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Pan-American Jiu-Jitsu Championships 2009, Rinaldo Santos Prepared For Competition

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The United States Jiu-Jitsu Federation (USJJF) was founded in 2002 in order to represent, promote and regulate Brazilian Jiu-Jitsu in the United States.  USJJF is directly affiliated with the International Brazilian Jiu-Jitsu Federation (IBJJF), an association that was first started by Master Carlson Gracie, the head of Gracie Barra and son of Carlos Gracie.  Keep in mind that IBJJF is connected with all the local federations around the world including a close affiliation with the Confederacao Brasileira de Jiu-Jitsu (Brazilian Jiu-Jitsu Confederation).  The Confederacao Brasileira de Jiu-Jitsu is an organization that is well established in Brazil where the sport is highly popular and follows established guidelines.

The USJJF and IBJJF have united to bring about an annual competition involving popular international events including the well known Pan-American Jiu-Jitsu Championship (also known as the “Pan Jiu-Jitsu Championships”).  The Pan-American Jiu-Jitsu Championships has helped to attract athletes from all over the United States.  The unification of the USJJF and IBBJF has brought about a continuous growth of prestige and media exposure which serves as foundations for the sport of Brazilian Jiu-Jitsu in our American territory.

The growth of Brazilian Jiu-Jitsu has generated a strong consumer market and has spread through all sorts of media including magazines, television and even internet websites.  The powerful influence of this martial art has helped evolutionize Mixed Martial Arts (MMA), the fastest growing sport in the world today.  More and more skillful fighters are integrating  the use of Brazilian Jiu-Jitsu to their everyday training, which helps them tremendously when their fights are taken to the ground.  The fighter can use this technique to submit their opponent or to minimize physical damage.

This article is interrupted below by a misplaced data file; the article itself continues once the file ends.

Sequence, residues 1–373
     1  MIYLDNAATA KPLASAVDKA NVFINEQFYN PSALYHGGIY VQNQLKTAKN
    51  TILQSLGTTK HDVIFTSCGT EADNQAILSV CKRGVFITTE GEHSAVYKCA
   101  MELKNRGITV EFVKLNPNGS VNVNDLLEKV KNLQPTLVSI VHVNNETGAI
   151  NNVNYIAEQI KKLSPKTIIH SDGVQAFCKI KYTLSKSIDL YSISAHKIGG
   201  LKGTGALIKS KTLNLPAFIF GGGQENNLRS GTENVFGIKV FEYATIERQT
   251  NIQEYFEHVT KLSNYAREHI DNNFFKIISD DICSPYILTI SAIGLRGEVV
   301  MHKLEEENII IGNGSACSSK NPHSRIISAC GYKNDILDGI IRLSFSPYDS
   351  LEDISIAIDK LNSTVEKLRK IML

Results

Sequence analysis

The Pan-American Jiu-Jitsu Championships was founded in 1995 and it started with 250 athletes that took part in the pioneering and historical establishment.  Since then, the tournament has changed in so many ways.  Today, the Pan-American Jiu-Jitsu Championships is considered the largest Brazilian Jiu-Jitsu competition in North America and one of the most important events on this planet.

The 2009 Pan-American Jiu-Jitsu Championships will take place on March 27th, 28th and 29th in California State University Dominguez Hills, in Carson, California.  Over 1500 competitors have signed up to this year’s tournament, which sets a new record for this event.

Rules of 2009 Pan-American Jiu-Jitsu Championships:

Junior 16/17 year-olds

Only bluebelts
Men and Women

16 and 17 year-olds will compete in the same division

Athletes born on 1992 and 1993 are eligible to compete

Fight time: 5 minutes

Adults

The division is open for everyone, but athletes of other age divisions willing to compete here will not be allowed to fight in their own division (athletes can only enroll in one age division)
Fight time:
bluebelts – 6 minutes